The LNG freighters and re-gasification terminals involve fantastic danger—this is not just a greenie myth. One freighter, if ignited, would be equivalent to an Hiroshima. To serve the few interests controlling this whole pattern, there is now a demand that the Federal Energy Regulatory Commission just override any local obstruction to the siting chosen by the cartels.

'Do Away with Amtrak,' Demands Lazard Mouthpiece

"Do away with" Amtrak, demanded the Lazard banking interests' favorite mouthpiece, the Washington Post May 3. In a snidely written editorial, "Off Track," the Post insists it is "madness" to subsidize long-distance rail routes, "spraying billions" at a "national rail network" that can't compete with airlines. Any route of five hours or more "should be dropped," the editorial insists. The Post notes Amtrak management's recent compromise with the Bush Administration's demand for elimination of what the Post calls the "absurd subsidies" for these routes—a compromise whereby Amtrak is to impose upon itself new financial reporting terms to create "transparency," showing the cost-effectiveness of the routes as a way to pressure them to perform or be terminated. The Post editors say it won't work: "Congress is capable of supporting absurd yet transparent subsidies (think farming), and members from states with uneconomic rail routes will fight to keep federal payments.... Congress is the chief reason reform is needed."

The editors uncloak the reality of Bush's plan to set up a 50/50 Federal-state match as the "alternative" to Amtrak as a Federal national rail program. "Devolve the management and most financial responsibility to the states," as Bush seeks to do, and this will "force the needed closures," of the long-distance routes, since the states cannot shoulder such a burden.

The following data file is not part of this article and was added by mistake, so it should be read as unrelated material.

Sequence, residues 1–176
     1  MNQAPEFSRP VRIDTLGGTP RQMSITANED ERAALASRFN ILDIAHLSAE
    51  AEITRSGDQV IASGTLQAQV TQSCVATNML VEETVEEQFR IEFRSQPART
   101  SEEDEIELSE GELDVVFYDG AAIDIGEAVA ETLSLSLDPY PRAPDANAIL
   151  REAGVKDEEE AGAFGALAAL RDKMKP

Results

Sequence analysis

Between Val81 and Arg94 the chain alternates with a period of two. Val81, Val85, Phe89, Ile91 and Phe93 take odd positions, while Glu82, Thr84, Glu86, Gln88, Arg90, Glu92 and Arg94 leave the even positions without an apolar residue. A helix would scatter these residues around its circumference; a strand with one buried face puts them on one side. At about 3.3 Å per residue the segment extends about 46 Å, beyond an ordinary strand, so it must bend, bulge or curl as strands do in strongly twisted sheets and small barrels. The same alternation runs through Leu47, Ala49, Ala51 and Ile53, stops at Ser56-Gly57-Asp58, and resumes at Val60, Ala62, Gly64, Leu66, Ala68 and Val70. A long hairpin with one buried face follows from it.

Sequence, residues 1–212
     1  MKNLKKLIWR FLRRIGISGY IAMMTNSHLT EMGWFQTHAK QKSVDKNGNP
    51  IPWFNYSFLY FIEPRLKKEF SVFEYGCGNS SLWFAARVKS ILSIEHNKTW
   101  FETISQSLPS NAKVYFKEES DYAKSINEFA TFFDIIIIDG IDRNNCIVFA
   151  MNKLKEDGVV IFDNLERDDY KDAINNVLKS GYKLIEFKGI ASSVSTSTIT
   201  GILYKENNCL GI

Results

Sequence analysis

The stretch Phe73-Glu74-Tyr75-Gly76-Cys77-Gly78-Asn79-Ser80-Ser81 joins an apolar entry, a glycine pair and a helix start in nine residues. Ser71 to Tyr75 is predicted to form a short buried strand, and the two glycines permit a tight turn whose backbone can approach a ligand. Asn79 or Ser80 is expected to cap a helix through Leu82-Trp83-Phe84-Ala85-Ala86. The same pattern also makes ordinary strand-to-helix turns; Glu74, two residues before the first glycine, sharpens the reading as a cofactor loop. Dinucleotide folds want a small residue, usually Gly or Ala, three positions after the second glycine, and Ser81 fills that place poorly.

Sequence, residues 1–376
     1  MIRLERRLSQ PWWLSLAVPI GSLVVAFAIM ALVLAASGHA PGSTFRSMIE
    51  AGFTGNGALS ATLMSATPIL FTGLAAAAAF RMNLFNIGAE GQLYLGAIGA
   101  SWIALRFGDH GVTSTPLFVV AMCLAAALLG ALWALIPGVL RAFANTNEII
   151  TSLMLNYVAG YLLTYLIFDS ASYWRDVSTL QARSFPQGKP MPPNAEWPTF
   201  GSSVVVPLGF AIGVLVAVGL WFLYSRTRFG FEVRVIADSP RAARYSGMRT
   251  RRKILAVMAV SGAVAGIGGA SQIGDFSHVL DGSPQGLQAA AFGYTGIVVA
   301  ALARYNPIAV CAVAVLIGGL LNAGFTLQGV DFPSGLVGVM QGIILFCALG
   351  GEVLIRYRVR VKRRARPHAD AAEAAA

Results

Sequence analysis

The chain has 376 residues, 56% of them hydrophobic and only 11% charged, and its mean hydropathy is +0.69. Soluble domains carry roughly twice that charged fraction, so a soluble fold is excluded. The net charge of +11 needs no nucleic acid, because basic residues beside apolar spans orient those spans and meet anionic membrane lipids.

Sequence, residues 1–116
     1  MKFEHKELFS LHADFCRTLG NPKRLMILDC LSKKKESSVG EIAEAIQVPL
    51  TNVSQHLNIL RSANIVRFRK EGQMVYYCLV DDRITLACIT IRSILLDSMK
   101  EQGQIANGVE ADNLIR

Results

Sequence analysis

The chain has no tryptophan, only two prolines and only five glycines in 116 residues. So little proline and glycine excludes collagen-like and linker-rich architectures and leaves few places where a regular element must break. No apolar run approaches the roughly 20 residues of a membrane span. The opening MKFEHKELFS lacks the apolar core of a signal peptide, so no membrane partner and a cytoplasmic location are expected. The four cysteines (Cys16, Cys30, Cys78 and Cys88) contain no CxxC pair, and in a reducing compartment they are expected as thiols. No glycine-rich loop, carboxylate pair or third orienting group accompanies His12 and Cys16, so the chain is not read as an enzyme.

But reform (i.e., privatization) is going to be difficult, they lament, citing Sen. Trent Lott's charge that the Bush plan is "ridiculous" and Sen. Kay Bailey Hutchison's declaration, "My motto for passenger rails is 'national or nothing."

FDIC Report Expresses Anxiety Over Housing Price Rise

In a report issued on May 2, the FDIC, using the recently-released 2004 data for the house price index (HPI), said the acceleration of U.S. home prices in 2004 went way ahead of rises of rental prices and personal income. The HPI is published by the Office of Federal Housing Enterprise Oversight. The average home price rose by 11%, while personal income grew at a rate of 5.8%, and rental prices rose by 2.7%. The report also said the number of individual markets which met the boom criteria increased by 72% in 2004, to 55 metro-markets.

One of the main reasons for this boom market is "the increasing market penetration of innovative mortgage products. Some market participants estimate that these higher risk adjustable-rate mortgages (ARMs) are offered to people seeking low-or-no-documentation loans and to those with blemished credit histories." In some of these markets, investors have moved in big numbers. It is estimated that in some markets, investors' share of new mortgages is as high as 19%.

The report concludes that the boom will lead to bust. But what kind of bust that would be? The report was very cautious, saying that "in over 80% of the metro-area price booms we examined between 1978-1998, the boom ended in a period of stagnation that allowed household incomes to catch up with local home prices." Despite this unreal optimism, the report expressed worries, saying even the stagnation-led busts "cause significant distress in the local economy."